Beyond Co-Op Reviews - April 2011 - Page 8

Publisher: THQ
Developer: Kaos Studios
MSRP: $59.99
by: Jim "txshurricane" McClaughlin

This might be a presumptuous statement to make, so take it as you will: there seems to be two main groups of first-person shooter fans. On one hand are the gamers that are tired of shooting games cloning each other, and yearn for something original. On the other are the gamers that are satisfied with a game that controls well and excites the eyes and ears, if only for a brief time. Homefront dances the line between these groups.

Its single player campaign consists of about four hours of gameplay interspersed with skippable cutscenes. Pacing is just right, including three turret sequences, a stealth/sniper scene, and two appearances of the target designator, which gives orders to the AI-controlled combat vehicle “Goliath”.

The plot is as cheesy as you’d expect, but has many outstanding moments as the studio’s attention to visual detail and the excellent voice cast complement the script more than it deserves. These moments do allow enough suspension of reality to fully enjoy the atmosphere of the campaign; but they’re fragile.

Controls are tight - if not overly familiar - and graphically the game stands on its own. Detail, detail, detail seems to have been Kaos’ mantra - from the blood splatter strategically placed on a bus window in the intro to the tertiary characters that briefly appear later in the story, paying close attention will pay off in small ways. Listen for several distinct film-inspired nods, including the brilliant idea to insert the “Wilhelm scream” from time to time.

What plot cheese was left to mold is completely redeemed for me by way of “Goliath”. Easily the most interesting silent AI character since Dogmeat in Fallout 3, Goliath is a key element to your escape on more than one occasion. Goliath’s AI managed to create a slightly new scenario each time I replayed any of those segments, and it seemed to change strategy each time the enemy deployed or spawned differently. Losing Goliath will result in failure, but more importantly: you want “him” to survive.

An unsurprising ending sets the stage for the multiplayer more than for a true sequel; versus modes forgo rebels for soldiers and serves as the story’s epilogue. The controls take a minute detour here - the layout remains true to the campaign’s style, but movement speed slogs a bit. While a familiar progressive unlock system and “perks” are sure to draw sneers, Kaos went the extra mile and added the ability to load out vehicles as well, which you can purchase during battle and spawn in.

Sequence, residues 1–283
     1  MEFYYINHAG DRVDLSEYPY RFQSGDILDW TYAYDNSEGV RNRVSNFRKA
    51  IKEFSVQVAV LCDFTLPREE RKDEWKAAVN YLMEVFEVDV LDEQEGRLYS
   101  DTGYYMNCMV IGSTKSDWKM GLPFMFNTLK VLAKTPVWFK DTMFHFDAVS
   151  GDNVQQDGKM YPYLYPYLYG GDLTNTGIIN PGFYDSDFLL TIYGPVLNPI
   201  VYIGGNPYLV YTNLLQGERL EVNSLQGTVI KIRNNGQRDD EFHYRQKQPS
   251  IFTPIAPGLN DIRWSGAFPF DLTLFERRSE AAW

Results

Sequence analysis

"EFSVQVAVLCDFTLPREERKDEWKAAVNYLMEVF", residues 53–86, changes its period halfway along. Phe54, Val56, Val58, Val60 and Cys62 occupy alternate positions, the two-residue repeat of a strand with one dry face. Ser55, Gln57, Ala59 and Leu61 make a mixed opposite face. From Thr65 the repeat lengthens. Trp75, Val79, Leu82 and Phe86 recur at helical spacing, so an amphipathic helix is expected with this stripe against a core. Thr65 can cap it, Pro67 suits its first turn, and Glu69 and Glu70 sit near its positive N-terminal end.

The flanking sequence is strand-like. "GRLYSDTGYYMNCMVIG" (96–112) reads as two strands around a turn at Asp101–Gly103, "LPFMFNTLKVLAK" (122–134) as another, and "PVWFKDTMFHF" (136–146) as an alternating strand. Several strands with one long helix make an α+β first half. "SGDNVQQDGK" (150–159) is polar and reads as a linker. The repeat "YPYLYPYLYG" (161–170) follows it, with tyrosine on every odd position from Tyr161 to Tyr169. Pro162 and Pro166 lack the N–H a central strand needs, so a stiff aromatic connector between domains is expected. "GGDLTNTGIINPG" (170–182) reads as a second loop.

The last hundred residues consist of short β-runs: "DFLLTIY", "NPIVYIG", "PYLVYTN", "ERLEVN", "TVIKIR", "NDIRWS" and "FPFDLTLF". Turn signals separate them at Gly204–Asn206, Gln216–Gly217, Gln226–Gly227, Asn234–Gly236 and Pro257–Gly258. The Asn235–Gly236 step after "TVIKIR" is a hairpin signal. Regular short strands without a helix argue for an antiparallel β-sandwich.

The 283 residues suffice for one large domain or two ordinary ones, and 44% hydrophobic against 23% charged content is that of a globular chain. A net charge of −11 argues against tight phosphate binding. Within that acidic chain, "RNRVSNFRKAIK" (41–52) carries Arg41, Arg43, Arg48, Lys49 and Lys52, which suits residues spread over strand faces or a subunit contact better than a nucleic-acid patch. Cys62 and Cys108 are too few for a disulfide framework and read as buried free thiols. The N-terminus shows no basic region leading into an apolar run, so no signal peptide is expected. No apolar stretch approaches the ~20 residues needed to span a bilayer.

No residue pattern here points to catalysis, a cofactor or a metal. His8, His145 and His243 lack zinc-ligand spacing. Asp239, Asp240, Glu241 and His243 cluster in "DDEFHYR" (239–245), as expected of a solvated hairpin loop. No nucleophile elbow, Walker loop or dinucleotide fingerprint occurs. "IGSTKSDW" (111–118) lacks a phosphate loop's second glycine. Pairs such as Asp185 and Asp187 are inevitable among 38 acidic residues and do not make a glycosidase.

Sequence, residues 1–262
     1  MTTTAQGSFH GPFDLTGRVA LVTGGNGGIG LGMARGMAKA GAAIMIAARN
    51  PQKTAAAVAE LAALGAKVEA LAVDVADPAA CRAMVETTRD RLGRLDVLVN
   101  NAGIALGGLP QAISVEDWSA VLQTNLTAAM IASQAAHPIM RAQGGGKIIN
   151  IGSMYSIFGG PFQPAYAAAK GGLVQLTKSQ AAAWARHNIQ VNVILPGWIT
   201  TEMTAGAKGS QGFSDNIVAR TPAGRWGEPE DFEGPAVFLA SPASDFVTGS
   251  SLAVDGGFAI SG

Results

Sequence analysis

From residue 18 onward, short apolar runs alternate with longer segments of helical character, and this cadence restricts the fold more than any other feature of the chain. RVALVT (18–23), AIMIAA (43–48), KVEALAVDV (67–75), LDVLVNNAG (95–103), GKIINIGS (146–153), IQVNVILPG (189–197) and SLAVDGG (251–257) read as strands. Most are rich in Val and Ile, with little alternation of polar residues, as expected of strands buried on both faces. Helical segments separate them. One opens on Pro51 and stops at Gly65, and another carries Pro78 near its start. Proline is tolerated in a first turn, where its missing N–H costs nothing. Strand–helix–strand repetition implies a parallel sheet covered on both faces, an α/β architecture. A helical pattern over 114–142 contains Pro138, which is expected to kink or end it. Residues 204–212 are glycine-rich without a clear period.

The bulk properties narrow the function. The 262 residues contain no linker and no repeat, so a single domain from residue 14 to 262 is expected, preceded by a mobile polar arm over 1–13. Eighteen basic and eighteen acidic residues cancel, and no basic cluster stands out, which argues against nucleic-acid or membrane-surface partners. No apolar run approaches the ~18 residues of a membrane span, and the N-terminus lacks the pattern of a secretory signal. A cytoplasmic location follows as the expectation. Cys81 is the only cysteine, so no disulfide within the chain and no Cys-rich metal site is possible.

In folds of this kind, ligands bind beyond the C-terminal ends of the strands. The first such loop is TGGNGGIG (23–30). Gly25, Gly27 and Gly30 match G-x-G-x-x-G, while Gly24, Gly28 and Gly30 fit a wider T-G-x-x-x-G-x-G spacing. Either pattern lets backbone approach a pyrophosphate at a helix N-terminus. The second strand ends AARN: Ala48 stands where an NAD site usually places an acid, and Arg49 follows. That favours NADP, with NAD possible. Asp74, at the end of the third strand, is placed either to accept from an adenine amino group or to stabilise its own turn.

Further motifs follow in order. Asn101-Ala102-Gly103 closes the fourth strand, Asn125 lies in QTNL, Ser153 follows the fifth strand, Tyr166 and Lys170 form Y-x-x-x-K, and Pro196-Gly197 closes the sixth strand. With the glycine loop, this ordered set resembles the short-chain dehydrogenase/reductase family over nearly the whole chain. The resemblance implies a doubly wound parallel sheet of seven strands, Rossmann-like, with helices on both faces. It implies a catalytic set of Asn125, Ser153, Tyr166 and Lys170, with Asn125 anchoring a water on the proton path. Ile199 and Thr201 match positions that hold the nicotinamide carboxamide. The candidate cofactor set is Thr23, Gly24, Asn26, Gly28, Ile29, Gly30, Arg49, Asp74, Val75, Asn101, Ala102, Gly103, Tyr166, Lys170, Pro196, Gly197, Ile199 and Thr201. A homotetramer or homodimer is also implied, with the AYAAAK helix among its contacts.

Each positive action in multiplayer grants you Battle Points, which you can spend on vehicles, any of several UAVs (Unmanned Aerial Vehicles), airstrikes, and even high explosives - like an RPG launcher. Once a pre-determined number of a certain vehicle are on the map at one time, a hold is put on new spawns of that vehicle type until one is destroyed. I never felt that the maps were overcrowded, and because of the Battle Points system I never had to worry about “vehicle-stealing”, which so many other war games encounter.

Two versions of each multiplayer mode exist: the classic versions, and a Battle Commander variation of each. The Battle Commander is an AI function that creates objectives on the fly; enemy players with high scores will be quickly tagged and assigned to players on your team, throwing a wrench into the advantage differences. It makes for a more interesting battle and serves to frustrate any griefers or cheaters, as obscenely high kill counts will get you slapped with a hefty bounty.

I’ve gotten some funny looks when I’ve said, “I really like Homefront.” The honest truth is that I paid full price for it, and I really do like it. But in all fairness, it’s right up my alley - both politically and in games taste. For objectivity’s sake I’d recommend trying before buying at full retail...but since the price has dropped once already and will again, I can heartily advise picking this game up once it hits your preferred bargain price.

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